Israel, along with the rest of the world, commemorated International Day of Persons with Disabilities on Monday, December 3rd, by promising greater integration of the country’s 1.5 million disabled citizens, and holding different activities in parks across the country to show off it’s handicap-accessible pathways and lookout points.
As Monday’s activities came to a close, just across the Green Line in the northern occupied West Bank city of Tulkarem, Israeli forces shot and killed a disabled Palestinian man in the back of his head.
It was around 2am when Israeli forces raided Tulkarem city, near the coffee shop where 22-year-old Muhammad Ihbali worked. He usually left work late, after the young men who frequent the shops finished their card games.
According to an Israeli army spokesperson, Israeli forces were conducting a “search and arrest operation” in the area — a near nightly practice for soldiers in the West Bank and East Jerusalem, that often provoke confrontations with local Palestinian youth.
The army claimed that when it began firing live fire at youth, they were merely practicing “riot dispersal methods” and “responding to the threat” of Palestinian youth who were throwing rocks at the soldiers
But videos published on social media of that night show Ihbali walking a distance away from the alleged riot, his back turned to soldiers, when he suddenly falls down, face first into the pavement.
His family, who says he had a mental disability, told Middle East Eye that he was shot in his head, and succumbed to his wounds shortly after he arrived to the hospital.
Hundreds of mourners marched through the streets of the Tulkarem Refugee Camp, where Ihbali lived with his family, on Tuesday morning and laid the young man to rest.
He was the 28th Palestinian to have been killed by Israeli forces in the West Bank since the start of 2018, according to UN documentation. In Gaza, at least 171 Palestinians have been killed since the Great March of Return began on March 30th.
Ihbali was one of at least five Palestinians with mental or physical disabilities killed by Israel over the past year.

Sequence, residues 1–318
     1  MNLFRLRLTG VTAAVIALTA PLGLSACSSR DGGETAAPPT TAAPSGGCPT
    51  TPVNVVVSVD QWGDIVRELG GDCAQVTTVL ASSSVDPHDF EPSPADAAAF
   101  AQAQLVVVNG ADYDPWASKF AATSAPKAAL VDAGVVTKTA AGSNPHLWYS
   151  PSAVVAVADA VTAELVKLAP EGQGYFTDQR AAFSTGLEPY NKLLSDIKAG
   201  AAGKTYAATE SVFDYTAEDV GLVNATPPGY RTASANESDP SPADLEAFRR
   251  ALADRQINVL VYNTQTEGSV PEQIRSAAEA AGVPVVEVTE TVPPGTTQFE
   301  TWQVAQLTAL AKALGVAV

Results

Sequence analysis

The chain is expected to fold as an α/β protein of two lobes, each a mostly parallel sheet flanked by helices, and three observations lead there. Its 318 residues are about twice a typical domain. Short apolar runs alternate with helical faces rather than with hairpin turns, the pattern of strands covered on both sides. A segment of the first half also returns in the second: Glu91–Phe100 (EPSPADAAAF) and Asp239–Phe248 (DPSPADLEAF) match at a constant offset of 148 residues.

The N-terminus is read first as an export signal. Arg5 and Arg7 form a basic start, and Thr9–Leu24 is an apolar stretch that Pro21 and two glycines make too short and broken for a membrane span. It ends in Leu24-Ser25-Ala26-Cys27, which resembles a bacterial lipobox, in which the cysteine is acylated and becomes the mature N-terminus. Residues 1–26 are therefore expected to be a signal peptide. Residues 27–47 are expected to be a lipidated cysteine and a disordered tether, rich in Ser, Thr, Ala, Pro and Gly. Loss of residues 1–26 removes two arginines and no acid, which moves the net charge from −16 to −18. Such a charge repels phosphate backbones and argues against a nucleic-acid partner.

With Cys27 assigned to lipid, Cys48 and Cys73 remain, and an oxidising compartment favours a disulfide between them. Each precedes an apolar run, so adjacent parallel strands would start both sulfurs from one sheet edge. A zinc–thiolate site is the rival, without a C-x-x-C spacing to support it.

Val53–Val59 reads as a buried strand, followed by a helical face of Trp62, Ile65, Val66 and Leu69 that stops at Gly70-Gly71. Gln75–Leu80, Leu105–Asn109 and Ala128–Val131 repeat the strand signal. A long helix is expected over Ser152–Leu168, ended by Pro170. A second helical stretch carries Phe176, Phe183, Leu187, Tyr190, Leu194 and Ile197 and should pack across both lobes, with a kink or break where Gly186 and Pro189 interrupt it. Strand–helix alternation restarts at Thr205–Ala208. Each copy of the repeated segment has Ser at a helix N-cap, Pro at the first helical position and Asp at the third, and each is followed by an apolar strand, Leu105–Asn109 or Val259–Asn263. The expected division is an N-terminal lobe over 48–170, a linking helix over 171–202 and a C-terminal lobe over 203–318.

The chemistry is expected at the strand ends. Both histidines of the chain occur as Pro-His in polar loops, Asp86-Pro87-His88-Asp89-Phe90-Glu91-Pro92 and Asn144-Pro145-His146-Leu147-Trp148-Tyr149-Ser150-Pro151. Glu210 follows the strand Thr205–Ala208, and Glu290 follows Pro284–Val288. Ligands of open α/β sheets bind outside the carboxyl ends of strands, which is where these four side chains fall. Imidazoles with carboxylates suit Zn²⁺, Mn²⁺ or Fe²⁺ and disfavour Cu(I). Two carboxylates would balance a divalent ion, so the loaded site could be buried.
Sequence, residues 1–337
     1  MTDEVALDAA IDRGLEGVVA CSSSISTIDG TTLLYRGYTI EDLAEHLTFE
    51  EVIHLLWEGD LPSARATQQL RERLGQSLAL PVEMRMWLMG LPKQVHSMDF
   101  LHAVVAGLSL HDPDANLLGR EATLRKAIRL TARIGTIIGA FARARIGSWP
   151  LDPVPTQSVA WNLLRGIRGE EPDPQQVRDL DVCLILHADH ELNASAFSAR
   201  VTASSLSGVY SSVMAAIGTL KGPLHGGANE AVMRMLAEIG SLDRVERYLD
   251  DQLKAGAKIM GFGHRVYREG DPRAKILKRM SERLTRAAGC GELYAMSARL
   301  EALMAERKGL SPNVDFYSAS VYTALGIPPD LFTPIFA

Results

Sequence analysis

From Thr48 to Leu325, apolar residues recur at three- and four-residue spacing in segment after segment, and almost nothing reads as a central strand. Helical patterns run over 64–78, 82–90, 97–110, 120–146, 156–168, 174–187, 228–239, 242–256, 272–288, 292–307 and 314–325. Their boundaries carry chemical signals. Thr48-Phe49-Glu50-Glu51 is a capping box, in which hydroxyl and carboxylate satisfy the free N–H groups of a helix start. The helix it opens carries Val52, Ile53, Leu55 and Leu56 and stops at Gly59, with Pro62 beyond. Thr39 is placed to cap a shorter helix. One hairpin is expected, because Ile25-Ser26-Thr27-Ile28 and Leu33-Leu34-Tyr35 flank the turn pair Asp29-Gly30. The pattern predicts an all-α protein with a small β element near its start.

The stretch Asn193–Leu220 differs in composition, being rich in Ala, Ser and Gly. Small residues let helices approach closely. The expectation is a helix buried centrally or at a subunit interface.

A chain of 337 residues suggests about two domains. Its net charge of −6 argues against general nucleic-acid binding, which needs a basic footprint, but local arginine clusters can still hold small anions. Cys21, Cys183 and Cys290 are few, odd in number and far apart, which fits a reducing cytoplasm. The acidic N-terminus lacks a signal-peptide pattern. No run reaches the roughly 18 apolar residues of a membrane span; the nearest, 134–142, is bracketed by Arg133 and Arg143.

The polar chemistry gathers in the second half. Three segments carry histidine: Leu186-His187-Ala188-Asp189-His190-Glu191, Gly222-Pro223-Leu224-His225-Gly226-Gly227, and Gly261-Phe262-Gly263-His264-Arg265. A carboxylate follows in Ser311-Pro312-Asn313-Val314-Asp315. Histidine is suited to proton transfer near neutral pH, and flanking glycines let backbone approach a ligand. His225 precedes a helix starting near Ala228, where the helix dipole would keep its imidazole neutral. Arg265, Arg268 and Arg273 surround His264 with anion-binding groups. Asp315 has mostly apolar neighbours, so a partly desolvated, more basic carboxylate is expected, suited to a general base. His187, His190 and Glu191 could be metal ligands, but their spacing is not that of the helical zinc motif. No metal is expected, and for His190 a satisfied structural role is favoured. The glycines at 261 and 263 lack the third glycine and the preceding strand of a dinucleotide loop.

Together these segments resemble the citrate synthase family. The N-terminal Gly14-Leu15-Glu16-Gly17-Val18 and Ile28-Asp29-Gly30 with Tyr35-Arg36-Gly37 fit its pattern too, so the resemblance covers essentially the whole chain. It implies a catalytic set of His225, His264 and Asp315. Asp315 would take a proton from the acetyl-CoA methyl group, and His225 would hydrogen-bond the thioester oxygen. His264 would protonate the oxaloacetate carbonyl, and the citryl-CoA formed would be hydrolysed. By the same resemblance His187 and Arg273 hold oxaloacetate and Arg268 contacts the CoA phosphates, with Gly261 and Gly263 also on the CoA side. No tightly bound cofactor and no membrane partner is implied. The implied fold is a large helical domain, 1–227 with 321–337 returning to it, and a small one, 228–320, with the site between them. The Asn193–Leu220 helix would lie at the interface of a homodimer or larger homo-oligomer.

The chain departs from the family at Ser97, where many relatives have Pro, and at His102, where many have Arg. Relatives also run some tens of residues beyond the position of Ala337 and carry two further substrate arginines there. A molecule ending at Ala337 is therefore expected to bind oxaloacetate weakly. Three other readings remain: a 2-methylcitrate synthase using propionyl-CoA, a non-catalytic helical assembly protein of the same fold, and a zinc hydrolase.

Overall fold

On December 15, 2017, during massive protests in Gaza against US President Donald Trump’s decision to recognize Jerusalem as the capital of Israel, Israeli forces shot a paraplegic Palestinian man in the head, killing him. The wheelchair-ridden man, 29-year-old Ibrahim Abu Thurayya, lost both his legs during Israel’s 2008 offensive on Gaza.
On March 9th, Israeli forces shot and killed 24-year-old Mohammad Zain al-Jabari during clashes in the southern West Bank city of Hebron. Reports at the time said he had a mental disability that resulted in a speech impediment. He was survived by his wife and four-year-old child.
On April 21, three weeks after the Great March of Return had began, an Israeli sniper shot and killed 25-year-old Ahmed Nabil Aqel, who was reportedly physically disabled and walked using crutches, along the Gaza border.
On May 15th, another double leg amputee in a wheelchair, 30-year-old Fadi Abu Salah, was killed by Israeli forces along the Gaza border. His legs were severely injured in the Israeli bombardment of Gaza in 2008, forcing doctors to amputate them.
Additionally, Gaza Health Ministry reports have put the number of Palestinians injured by Israel in the Great March of Return in the thousands, at least 68 of whom have had one or both of their legs amputated.
According to UN documentation, over 1,400 Palestinians injured during the Great March of Return “may suffer long-term disability” as a result of Israeli gunfire.
Those that have suffered amputation will face additional challenges, as the Israeli siege on Gaza makes it difficult to import the necessary materials for making prosthetic limbs. Those that are available, are typically too expensive for the average Gazan family, or are too poorly made to even be functional.
In the West Bank, rights groups have even accused Israeli forces of intentionally disabling Palestinian youth in West Bank refugee camps by shooting them in their knees.
Israeli forces have been heavily criticized for what rights groups have referred to as “extrajudicial executions” and excessive use of force against Palestinians — especially youth and children — who did not pose an immediate threat or who could have been disarmed through non-lethal means, particularly during clashes.